How can this vine *know* what to look like? Science looks at the first known case of shape-shifting mimicry in the vegetable kingdom: Fewer examples of mimicry—or crypsis—are known for plants. But as in some mistletoe species in Australia, all of these imposters copy only one other species. That’s not the case with the woody vine Boquila trifoliolata, which transforms its leaves to copy a variety of host trees. Native to Chile and Argentina, B. trifoliolata is the first plant shown to imitate several hosts. It is a rare quality—known as a mimetic polymorphism—that was previously observed only in butterflies, according to this study, published today in Current Biology. When the vine climbs onto a tree’s branches, its versatile leaves… can change their size, shape, color, orientation, and even the vein patterns to match the surrounding foliage…. If the vine crosses over to a second tree, it changes, even if the new host leaves are […]
Energy Post calls it “the BIGGEST BREAKTHROUGH EVER!” That seems a bit much, but it is interesting that a Boeing-sponsored group in Abu Dhabi has figured out how to make super-clean, super-cheap oil from salt-tolerant desert plants: What researchers at the Masdar Institute have been studying is a category of plants called halophytes. These plants have naturally evolved to be able to live on salt water. Not only that: they are also able to live in arid lands, in deserts. “If you look around you here [in Abu Dhabi], most of the plants you see are halophytes.” Clearly if it is possible to grow plants in deserts around the world, and use them for biofuels, that would be an ideal solution. It would solve the major problems of traditional biofuels – use of fresh water and arable land – at one stroke. “Twenty per cent of the world’s land is either desert or becoming desert […]
National Geographic reveals what really goes on in a plant’s… mind?… when sap-thirsty plant killers are on the prowl: [University of Wisconsin researcher John] Orrock and botanist Simon Gilroy show that black mustard plants can “hear” the chemical signals of approaching plant-eaters—and prepare to fight back. “One of the things that makes plants so ecologically interesting is that they can’t run away,” says Orrock. Forced by their immobility to get creative, plants have evolved a whole host of spectacular defenses—from thorns and poison darts to awful-tasting chemical juices—against would-be predators. … Orrock and Gilroy used water mixed with snail mucus to slime the soil at the base of a number of black mustard plants. (Because snails secrete a slimy trail of mucus everywhere they go, the presence of mucus is a sure sign to plants that a snail is nearby.) The team then offered the slime-exposed plants to hungry snails, along with a control group […]
In the 11th century, this was the pinnacle of medical knowledge – a book called Kitab fi al-adwiyah al-mufradah compiled by an Andalusian scholar Abu Ja`far al-Ghafiqi. It’s an illustrated guide to medicinal plants – a materia medica. Al-Ghafiqi, according to later historians, was “the greatest savant of medicinal plants, their names and their properties, and his work had no equal in this field.” If you’re curious about the state of medicine in Islamic Spain, check out McGill University’s Ghafiqi Project, where I found this keen flower painting.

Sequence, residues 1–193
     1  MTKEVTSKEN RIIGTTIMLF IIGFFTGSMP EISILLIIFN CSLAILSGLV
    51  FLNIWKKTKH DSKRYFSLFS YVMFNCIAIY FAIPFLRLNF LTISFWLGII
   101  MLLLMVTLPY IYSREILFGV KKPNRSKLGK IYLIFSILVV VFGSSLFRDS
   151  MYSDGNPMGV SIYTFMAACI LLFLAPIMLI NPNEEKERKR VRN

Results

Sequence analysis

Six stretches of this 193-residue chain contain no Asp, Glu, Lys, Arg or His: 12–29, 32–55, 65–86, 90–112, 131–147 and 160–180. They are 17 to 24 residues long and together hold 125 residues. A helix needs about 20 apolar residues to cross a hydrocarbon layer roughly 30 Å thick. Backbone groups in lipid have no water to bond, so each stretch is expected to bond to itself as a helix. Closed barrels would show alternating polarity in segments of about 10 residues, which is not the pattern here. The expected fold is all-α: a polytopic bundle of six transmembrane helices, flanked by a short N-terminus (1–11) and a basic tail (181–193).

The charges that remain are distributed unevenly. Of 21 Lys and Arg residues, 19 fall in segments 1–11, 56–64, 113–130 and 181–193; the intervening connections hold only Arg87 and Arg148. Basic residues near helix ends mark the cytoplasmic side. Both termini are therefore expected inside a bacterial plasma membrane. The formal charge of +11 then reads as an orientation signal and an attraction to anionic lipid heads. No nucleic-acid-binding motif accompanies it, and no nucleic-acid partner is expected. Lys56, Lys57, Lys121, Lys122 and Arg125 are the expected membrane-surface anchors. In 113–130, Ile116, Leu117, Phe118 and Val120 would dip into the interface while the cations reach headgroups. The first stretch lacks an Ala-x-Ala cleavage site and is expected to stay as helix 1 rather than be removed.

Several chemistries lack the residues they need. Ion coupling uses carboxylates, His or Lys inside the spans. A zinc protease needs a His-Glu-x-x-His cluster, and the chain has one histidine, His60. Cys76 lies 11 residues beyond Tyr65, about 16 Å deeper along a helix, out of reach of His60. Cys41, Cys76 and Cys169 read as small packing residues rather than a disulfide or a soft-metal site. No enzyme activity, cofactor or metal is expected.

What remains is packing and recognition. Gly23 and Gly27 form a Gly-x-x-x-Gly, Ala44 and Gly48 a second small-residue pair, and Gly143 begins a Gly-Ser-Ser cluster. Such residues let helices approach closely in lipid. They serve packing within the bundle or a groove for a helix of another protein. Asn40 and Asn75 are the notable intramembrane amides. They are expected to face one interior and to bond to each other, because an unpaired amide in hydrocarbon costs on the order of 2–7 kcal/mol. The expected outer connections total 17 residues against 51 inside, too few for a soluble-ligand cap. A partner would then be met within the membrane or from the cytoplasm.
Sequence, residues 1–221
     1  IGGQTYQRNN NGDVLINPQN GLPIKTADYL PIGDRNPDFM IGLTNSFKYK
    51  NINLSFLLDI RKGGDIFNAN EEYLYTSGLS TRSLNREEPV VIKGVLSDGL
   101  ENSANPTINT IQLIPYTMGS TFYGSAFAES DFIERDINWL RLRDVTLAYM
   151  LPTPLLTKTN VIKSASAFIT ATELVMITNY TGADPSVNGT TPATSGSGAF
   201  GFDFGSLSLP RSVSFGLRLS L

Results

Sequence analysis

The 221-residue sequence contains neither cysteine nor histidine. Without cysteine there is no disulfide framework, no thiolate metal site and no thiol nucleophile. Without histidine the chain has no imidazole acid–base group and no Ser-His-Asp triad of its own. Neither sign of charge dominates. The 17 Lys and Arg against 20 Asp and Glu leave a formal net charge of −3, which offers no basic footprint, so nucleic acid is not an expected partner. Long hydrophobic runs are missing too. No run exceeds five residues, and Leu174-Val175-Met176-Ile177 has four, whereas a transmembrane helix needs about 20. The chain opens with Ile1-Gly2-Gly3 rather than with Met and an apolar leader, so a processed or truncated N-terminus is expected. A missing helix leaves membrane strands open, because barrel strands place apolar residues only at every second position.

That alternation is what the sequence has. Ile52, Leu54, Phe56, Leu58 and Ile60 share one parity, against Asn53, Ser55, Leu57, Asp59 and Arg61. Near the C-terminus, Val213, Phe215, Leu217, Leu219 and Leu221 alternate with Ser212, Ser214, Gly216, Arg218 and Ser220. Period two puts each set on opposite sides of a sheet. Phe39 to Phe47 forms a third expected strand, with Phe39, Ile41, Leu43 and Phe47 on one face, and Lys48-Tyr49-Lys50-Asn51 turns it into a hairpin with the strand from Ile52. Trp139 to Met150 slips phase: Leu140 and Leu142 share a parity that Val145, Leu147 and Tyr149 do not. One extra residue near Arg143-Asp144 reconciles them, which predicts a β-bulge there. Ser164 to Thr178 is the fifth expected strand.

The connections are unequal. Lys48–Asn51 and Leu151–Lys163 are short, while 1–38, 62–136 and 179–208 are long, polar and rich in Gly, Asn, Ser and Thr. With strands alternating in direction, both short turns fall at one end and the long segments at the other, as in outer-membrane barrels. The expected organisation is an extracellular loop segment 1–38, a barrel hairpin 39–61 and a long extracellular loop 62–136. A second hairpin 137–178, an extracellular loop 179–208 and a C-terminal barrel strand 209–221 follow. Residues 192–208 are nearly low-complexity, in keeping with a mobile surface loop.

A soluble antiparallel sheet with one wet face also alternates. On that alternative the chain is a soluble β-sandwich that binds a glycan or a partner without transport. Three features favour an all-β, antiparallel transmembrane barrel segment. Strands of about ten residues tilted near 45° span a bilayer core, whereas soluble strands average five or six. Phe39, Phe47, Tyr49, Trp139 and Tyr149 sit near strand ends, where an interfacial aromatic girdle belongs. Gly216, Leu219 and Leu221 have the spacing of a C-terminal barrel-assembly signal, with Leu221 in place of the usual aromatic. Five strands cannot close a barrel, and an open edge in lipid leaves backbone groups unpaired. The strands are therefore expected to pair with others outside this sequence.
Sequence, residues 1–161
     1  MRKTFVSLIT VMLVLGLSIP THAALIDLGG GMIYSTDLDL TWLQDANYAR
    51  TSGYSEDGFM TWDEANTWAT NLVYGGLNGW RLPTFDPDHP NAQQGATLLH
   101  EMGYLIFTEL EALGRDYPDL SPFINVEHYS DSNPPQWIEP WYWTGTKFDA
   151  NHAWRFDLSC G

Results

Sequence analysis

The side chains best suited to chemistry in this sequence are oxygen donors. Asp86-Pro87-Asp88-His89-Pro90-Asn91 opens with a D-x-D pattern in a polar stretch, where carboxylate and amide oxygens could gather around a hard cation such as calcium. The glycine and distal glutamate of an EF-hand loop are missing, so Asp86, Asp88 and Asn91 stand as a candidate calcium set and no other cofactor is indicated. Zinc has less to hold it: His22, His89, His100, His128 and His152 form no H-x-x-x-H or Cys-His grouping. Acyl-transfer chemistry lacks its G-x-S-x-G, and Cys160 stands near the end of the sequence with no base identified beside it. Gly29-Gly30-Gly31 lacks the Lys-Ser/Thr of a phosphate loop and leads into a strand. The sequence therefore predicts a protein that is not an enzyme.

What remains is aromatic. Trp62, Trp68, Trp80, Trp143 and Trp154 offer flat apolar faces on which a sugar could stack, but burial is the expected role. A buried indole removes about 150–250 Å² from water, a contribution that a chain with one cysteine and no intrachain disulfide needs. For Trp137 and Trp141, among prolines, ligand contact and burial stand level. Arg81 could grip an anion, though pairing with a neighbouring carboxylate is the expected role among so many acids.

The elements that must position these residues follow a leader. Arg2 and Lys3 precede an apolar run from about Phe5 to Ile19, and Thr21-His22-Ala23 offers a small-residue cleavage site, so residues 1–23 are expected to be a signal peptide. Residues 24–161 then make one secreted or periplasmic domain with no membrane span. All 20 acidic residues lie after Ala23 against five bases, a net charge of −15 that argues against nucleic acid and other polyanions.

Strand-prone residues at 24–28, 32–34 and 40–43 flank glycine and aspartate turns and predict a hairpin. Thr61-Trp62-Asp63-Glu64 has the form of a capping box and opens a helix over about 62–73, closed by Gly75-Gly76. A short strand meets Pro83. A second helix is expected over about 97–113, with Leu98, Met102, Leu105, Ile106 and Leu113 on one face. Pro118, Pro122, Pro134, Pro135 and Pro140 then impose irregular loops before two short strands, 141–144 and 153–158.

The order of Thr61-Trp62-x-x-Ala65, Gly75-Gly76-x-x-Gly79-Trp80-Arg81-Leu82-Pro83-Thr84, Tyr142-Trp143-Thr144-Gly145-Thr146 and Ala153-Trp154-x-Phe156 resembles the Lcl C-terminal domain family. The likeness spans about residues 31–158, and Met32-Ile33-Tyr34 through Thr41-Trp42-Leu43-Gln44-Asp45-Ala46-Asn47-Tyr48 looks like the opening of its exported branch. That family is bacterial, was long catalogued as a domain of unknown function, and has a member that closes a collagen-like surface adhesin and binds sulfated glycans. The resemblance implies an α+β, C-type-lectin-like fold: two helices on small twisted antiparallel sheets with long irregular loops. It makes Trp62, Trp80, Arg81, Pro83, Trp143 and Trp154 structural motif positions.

BBC opens the weird world of vegetable communication, revealing the fungal networks plants use to signal one another: But below ground, most land plants are connected by fungi called mycorrhizae. The new study, published in Ecology Letters, is the first to demonstrate these fungi also aid in communication. Researchers from the University of Aberdeen, the James Hutton Institute and Rothamsted Research, all in the UK, devised a clever experiment to isolate the effects of these thread-like networks of mycorrhizae. The team concerned themselves with aphids, tiny insects that feed on and damage plants. … As the researchers allowed single plants in the sets to be infested with aphids, they found that if the infested plant was connected to another by the mycorrhizae, the un-infested plant began to mount its chemical defence.
A hothouse flower, far from home. Mr. Fitch drew this picture – one of an awful lot – for The Orchid Album: Comprised of Coloured Figures and Descriptions of New, Rare and Beautiful Orchidaceous Plants, a book published by B.S. Williams “at the Victoria and Paradise Nurseries, Upper Holloway, N.” I found it in the Bio Diversity Library, which is not Victorian nor paradisiacal, but offers glimpses of both states of being.
Laboratory Equipment plunges to the bottom of a pressing mystery – why the “king of fruits” packs such a pungent punch: Martin Steinhaus, from the German Research Center for Food Chemistry, and colleagues … set out to identify the big chemical players in the durian’s odor signature. In doing so, they pinpointed 41 highly odor-active compounds, 24 of which scientists had not identified in durian before. Among the most prominent were substances associated with fruity, sweet, sulfurous and oniony smells. The oniony smelling odorants belonged to a compound class that had rarely been found in food before. Four of the newly discovered chemical compounds were previously unknown to science.
Science Tech Daily says in the parasite world, it’s turtles all the way down. No matter how much of a *parasite* you are… like the brain-eating cordyceps fungus, for example… there’s going to be some kind of fearsome parasite that feeds on you: Ophiocordyceps fungi depend on ants to reproduce and spread. …Eventually, the ant will clamp down onto a leaf, roughly 25 cm off the forest floor, which is optimal for the fungus’ later stage in which it ejects spores onto the soil directly below. The bites are synchronized near noon (possibly cued by clock genes in the fungus) and usually occur in a north-northwestern orientation. … The zombie-ant fungus is not the end of the parasitizing line. It meets its own death at the work of yet another parasite. A secondary fungus, a hyperparasite, can cover the original fungus and its stalk, preventing the fungus from ejecting its spores. The second-level parasite seems […]